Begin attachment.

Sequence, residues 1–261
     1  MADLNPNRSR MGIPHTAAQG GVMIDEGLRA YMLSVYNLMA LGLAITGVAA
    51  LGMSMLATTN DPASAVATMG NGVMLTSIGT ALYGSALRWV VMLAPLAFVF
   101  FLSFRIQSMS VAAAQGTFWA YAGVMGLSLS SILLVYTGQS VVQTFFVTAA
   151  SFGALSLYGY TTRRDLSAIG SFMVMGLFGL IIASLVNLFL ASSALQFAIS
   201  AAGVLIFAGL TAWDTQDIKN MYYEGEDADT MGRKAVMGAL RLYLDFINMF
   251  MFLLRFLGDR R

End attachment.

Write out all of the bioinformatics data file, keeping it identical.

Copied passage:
Sequence, residues 1–261
     1  MADLNPNRSR MGIPHTAAQG GVMIDEGLRA YMLSVYNLMA LGLAITGVAA
    51  LGMSMLATTN DPASAVATMG NGVMLTSIGT ALYGSALRWV VMLAPLAFVF
   101  FLSFRIQSMS VAAAQGTFWA YAGVMGLSLS SILLVYTGQS VVQTFFVTAA
   151  SFGALSLYGY TTRRDLSAIG SFMVMGLFGL IIASLVNLFL ASSALQFAIS
   201  AAGVLIFAGL TAWDTQDIKN MYYEGEDADT MGRKAVMGAL RLYLDFINMF
   251  MFLLRFLGDR R